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A lot of good sense in Antti's post, but the stuff quoted above shines. Don't ever imagine why a seller wants to sell. Chances are if they tell you, you are still not getting the real story either.

See comment above, but I think (imagine) :smile2:the most likely reason is that the vendor knows that his/her product/s are starting to fade in popularity, or the going is getting tough for some other reason.

Walter
I've seen the opposite as well.
I've seen stores where they're growing so fast, that they have to take out debt to keep up with the growth, and still haven't paid themselves a wage. Eventually it takes it's toll, and people are afraid to throttle growth.
 

Ronak

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The question refers to wether or not buying an Amazon FBA business off of Empire Flippers is indeed short-cutting the Process Principle. It’s obviously a rhetorical question in and of itself, but I feel that it’s still worth asking, especially if I can get any views from those who may have bought a small business and been able to grow/scale it beyond what it’s founder did.

I’m in the sourcing/sampling stage for a product that I believe will sell well on Amazon and Shopify. That said, the amount of time I have to dedicate to this per week has been limited by a very demanding job, and wanting to maintain a close relationship with my wife and kids.

I’m fortunate in that I do have the $50-100k that might be the buy-in for an existing FBA business purchase, which would leapfrog the initial heavy lifting of getting a product vetted, sourced, listed, and proven, and would put me immediately I nto the latter stages of optimization, scaling and strategy.

Of course the question is begged, “why would any business that provides $3-5k per month in income for minimal upkeep be for sale?” Seeing these sold on Empire Flippers at ~30x multiple.

Any views or opinions, especially those with (negative/positive) experience buying a small business are hugely appreciated.
If you have 100k, you can buy a decent business that produces respectable cash flow that isn't as fickle as the latest "amazon slap". Its akin to gambling. But if you do go the fba route, find something that you can guarantee will scale into something beyond Amazon, and fast, otherwise you're paying for a time bomb. And you don't know whether the blast will come from jeff Bezos, Chinese competitors, or the US government, amongst many others.

But no, it's not cheating, it can potentially be s smart way of doing things if you play your cards right.
 

Walter Hay

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I've seen the opposite as well.
I've seen stores where they're growing so fast, that they have to take out debt to keep up with the growth, and still haven't paid themselves a wage. Eventually it takes it's toll, and people are afraid to throttle growth.
Quite right. I have seen many businesses struggle because their growth has outstripped their funding.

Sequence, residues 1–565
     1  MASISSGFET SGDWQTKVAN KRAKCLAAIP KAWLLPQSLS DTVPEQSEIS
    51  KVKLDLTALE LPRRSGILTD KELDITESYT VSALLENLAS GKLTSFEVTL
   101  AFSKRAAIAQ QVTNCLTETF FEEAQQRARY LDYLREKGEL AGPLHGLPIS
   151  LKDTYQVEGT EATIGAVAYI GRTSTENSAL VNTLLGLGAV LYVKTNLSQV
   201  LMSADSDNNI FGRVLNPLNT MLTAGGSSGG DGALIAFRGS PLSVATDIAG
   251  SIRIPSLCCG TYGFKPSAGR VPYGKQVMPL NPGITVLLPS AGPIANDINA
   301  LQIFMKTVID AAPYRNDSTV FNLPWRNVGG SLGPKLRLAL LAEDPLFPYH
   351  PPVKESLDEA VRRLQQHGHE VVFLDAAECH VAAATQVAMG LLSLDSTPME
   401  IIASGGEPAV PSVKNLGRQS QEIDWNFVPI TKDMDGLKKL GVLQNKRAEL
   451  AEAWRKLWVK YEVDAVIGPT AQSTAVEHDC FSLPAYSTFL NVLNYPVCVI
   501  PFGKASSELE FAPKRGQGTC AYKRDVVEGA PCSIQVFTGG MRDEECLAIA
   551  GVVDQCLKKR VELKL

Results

Walter
 

Walter Hay

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But if you do go the fba route, find something that you can guarantee will scale into something beyond Amazon, and fast, otherwise you're paying for a time bomb. And you don't know whether the blast will come from jeff Bezos, Chinese competitors, or the US government, amongst many others.
Jeff Bezos is likely to be one of the biggest competitors, Amazon currently have well over 100 Amazon brands, with the number of products being sold under those brands now approaching 30,000.

Amazon compete with their own customers.

Every seller on Amazon should have their own eCommerce URL either embedded in the product or at least printed on their label.

Walter
 

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Like it. Posted a reply to another thread before reading this. I don’t disagree, and it really was a rhetorical question, it’s clearly a shortcut. I like your point on busting a$$ even if it is down the road.
You have a good attitude... you’ll be ok.

Some are more skilled at scaling, some at creating. If you’re the former, buy a business. Just don’t assume you can do nothing and make your money back in 3 years.

I sold a business doing more, with the same time requirements. They decided to coast. It degraded into a shell of what I had built in 3 years.

Do extreme due diligence. Assume they have ulterior motives. Increase competition? Increasing ad spend? Decreasing profitability? Supplier problems? Cogs increase? Lawsuit? New regulations? Amazon changing stuff up? Rankings decreasing?

They will tell you what you want to hear “I want to focus and invest in other things”, but you need to find what else is there. If there’s nothing else, cool. But there probably is.
 

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See comment above, but I think (imagine) :smile2:the most likely reason is that the vendor knows that his/her product/s are starting to fade in popularity, or the going is getting tough for some other reason.

Walter
The best time to sell is at the peak.

Anyone thinking about selling would know this.

Buyer beware.